A while ago, I asked, if prayer, meditation, tai chi, and nature walks can be considered spiritual practices. Why can’t creative writing be a practice which awakens my sense of the spiritual? I began jotting what I considered spiritual thoughts into various notebooks I had strategically stashed around the house: on a bedside stand, in my office, in a magazine rack, and in my briefcase. Before long, I had a collection of jottings that lead me to write a piece called “In Search of Wholeness.” I shared the piece with several writers in my church, who meet every third Sunday morning to share our writings.
Our protocal is simple:
- We write individually as a spiritual practice on our own schedule.
- We share our work only when we are ready.
- We do not critique work that is shared.
- We encourage one another and try to understand.
- If the author considers their work, spiritual, it is spiritual.
I was introduced to the concept by Minnesota writer, Elizabeth Jarrett Andrew, who had written a book titled Writing as a Spiritual Practice. Elizabth was one of the “teaching artists” from The Loft Literary Center, which sponsored the event held on the beautiful campus of St. John’s University Campus near St. Cloud. She now does her workshop on Madeline Island, Wisconsin. On her website, Elizabeth encourages creative writers with this statement, “May the rigor of learning to write well deepen your insights, widen your relationships, and enlarge the sacred presence you bring into the world.”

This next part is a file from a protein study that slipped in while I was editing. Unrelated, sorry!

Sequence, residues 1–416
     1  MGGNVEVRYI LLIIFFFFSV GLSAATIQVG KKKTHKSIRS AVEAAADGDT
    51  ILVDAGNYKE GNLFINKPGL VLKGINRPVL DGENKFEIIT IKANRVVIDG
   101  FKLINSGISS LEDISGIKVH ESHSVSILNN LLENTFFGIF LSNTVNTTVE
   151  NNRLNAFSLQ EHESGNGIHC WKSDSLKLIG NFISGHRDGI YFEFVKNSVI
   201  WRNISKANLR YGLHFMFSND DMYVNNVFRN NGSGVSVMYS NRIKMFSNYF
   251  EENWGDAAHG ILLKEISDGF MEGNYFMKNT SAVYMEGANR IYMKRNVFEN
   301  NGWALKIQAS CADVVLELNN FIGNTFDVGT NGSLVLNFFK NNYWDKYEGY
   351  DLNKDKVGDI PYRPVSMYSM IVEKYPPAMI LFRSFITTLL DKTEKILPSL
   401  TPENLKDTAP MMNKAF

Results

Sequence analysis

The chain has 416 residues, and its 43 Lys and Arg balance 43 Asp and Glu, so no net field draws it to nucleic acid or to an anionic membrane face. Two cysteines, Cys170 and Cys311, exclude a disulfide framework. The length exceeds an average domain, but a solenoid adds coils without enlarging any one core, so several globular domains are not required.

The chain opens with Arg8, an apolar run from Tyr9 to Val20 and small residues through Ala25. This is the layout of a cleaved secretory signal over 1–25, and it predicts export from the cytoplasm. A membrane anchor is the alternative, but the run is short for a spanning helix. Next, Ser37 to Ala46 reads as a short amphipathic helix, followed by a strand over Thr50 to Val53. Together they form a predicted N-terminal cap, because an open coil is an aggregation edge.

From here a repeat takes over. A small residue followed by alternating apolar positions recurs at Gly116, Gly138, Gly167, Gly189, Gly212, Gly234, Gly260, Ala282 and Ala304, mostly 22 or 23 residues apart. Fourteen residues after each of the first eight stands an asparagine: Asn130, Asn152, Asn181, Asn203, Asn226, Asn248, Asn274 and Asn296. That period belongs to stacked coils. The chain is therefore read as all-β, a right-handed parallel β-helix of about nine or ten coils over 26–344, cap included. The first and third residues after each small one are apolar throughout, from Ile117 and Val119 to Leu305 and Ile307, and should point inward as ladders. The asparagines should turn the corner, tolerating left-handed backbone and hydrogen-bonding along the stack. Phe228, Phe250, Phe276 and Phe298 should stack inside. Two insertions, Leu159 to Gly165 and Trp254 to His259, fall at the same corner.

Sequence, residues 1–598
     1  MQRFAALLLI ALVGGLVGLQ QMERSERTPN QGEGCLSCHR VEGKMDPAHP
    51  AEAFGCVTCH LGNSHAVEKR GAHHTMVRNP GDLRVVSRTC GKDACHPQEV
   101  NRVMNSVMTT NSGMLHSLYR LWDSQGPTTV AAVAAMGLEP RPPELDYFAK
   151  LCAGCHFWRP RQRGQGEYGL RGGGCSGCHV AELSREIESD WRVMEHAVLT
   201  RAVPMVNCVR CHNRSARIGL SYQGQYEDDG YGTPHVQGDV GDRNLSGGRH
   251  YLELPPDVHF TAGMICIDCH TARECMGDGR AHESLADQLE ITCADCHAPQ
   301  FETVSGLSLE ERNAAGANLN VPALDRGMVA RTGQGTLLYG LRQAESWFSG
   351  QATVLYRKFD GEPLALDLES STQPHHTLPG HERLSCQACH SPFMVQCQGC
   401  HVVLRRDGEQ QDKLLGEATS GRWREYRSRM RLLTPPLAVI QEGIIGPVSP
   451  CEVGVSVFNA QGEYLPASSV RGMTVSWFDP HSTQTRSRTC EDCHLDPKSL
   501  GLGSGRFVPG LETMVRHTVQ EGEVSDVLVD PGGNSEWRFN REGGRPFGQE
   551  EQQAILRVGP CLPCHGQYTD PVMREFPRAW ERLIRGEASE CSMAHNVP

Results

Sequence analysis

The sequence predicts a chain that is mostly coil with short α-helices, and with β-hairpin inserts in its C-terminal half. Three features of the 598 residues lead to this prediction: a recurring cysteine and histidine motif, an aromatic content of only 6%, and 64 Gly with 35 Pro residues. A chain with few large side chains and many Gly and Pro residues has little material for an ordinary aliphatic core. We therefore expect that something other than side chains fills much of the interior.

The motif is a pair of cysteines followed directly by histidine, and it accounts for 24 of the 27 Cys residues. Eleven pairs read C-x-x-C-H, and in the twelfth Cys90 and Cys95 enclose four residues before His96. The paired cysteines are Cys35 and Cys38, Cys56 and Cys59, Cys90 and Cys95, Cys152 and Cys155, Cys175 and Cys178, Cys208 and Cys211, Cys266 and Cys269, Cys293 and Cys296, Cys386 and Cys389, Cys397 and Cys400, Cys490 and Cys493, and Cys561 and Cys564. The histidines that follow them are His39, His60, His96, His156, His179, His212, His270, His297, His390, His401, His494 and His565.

This month, our writing group at the Unitarian Church of Underwood is hosting Minnesota author, Karen Hering, who recently published her book titled Writing to Wake the Soul: Opening the Sacred Conversations Within. Rev. Hering serves as consulting literary minister at Unity Church – Unitarian in St. Paul. Karen’s literary ministry is popular within Unitarian – Universalist circles as well as with writers from other religious traditions. For more information, see Hering’s website: http://www.karenhering.com.
For more information about her workshop being held in Underwood on Sunday, May 18th, see the Upcoming Events section of this Lake Region Writers Network website. The public is invited to this special, low-cost writing workshop. All experience levels of writers are welcome.
Author’s Bio.: Luke Anderson started writing poetry and memoir after retiring from a career managing nonprofit organizations. He calls himself a “late onset writer.” His work has been published in The Talking Stick, The Otter Tail Review, The Northwoods Press newspapers, the Lake Region Review and has received several literary awards. He is retired and lives in Battle Lake. He is a member of the Fergus Falls Writers and a founding board member of the Lake Region Writers Network, currently serving as President of the LRWN Board.